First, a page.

This may again be old news, but after I called attention to Richard Dawkins’s video with Helen Joyce this morning, I found out two things from Twitter (it does have its uses). First, people complained to YouTube about that video on the grounds that it contained “violent speech”. (If you watched it, you’ll see how stupid that complaint is.) Second, that prompted Dawkins to write an article on freedom of speech, and the distortion of language, for London’s Evening Standard. You can see that article by clicking on the screenshot below the tweet.
On July 26, I interviewed Helen Joyce about her book Trans. @YouTube has restricted our video’s licence to advertise. Thankfully, @X /@elonmusk sensibly over-ruled the complaint that I had engaged in "violent speech".
In response to this I wrote an article explaining how…
— Richard Dawkins (@RichardDawkins) August 22, 2023
Dawkins first describes several instances of censorship or deplatforming he encountered, including the American Humanist’s Association retracting his 1996 Humanist of the Year Award for this “discuss” tweet (note his explanation):
I do not intend to disparage trans people. I see that my academic “Discuss” question has been misconstrued as such and I deplore this. It was also not my intent to ally in any way with Republican bigots in US now exploiting this issue .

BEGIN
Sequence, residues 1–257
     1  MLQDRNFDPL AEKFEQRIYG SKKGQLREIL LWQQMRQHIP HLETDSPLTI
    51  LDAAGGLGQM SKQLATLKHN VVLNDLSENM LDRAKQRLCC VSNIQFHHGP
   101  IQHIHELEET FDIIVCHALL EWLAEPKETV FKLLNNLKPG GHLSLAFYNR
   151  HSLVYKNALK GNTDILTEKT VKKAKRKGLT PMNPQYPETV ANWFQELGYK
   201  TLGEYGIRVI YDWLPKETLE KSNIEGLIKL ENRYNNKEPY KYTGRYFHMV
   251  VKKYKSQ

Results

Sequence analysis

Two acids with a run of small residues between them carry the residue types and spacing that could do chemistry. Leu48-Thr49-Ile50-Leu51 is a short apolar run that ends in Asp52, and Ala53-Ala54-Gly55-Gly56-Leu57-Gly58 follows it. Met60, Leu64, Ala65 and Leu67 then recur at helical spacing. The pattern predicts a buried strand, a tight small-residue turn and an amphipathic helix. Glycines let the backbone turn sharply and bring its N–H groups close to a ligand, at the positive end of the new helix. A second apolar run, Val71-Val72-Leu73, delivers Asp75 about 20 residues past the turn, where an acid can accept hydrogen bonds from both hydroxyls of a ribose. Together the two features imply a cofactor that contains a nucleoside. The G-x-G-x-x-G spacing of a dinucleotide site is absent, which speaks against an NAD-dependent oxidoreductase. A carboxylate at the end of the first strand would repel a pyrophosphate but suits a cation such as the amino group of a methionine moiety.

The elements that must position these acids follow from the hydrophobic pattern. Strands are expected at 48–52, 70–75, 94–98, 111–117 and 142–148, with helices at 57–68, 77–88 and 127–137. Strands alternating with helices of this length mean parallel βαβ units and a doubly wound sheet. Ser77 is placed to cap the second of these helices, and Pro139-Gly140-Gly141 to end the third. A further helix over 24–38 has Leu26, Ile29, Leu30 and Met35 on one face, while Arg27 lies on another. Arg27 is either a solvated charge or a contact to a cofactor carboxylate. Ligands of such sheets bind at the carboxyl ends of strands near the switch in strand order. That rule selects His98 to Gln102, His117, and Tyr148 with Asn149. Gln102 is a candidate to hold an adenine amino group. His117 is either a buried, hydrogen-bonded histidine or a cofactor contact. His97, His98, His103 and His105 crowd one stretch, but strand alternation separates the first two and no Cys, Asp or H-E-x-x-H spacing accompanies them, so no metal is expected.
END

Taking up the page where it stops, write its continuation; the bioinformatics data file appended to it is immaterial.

— Richard Dawkins (@RichardDawkins) April 12, 2021
The difference between transgenderism and transracialism is a perfectly good and intriguing philosophical question to discuss, but merely raising it cost Dawkins his award. This reflects very badly on the American Humanist Association, and not on Dawkins.
But what’s relevant today is that the video with Helen Joyce was reported to YouTube as an example of “hate speech”. And there was a punishment levied, though the video wasn’t banned:
On July 26, I interviewed Helen Joyce about her book Trans. The interview is being very well received on YouTube. As it should be, for Joyce is extremely well-informed in her subject and she spoke cogently, soberly, reasonably.
But one of YouTube’s in-house judges heard only hate. And tried to censor the interview.
Short of an outright ban, YouTube has a variety of punishments at its disposal. In this case we got a minor slap on the wrist, a restriction on our video’s licence to advertise. But the real point is, yet again, the ludicrous hypersensitivity of the complainant. Those warped ears heard not reasonable argument deserving a reply, but “hateful and derogatory content”, and “hate or harassment towards individuals or groups”.
Obviously I can’t disprove that here. The interview runs to more than 10,000 words. But judge for yourself, it’s still up on YouTube. I earnestly challenge Evening Standard readers to search diligently for literally anything that a reasonable speaker of the English language could fairly call hateful. Enter it, labelled “Challenge”, in the comments section under the video, and I promise to respond.
I just said “a reasonable speaker of the English language”, and maybe here lies the key: language. If we want a fruitful argument, we’d better speak the same language. In today’s overheated sparring over sex and gender, both sides may appear to be speaking English, but is it the same English? Does “hate” mean to you what “hate” means to everyone else?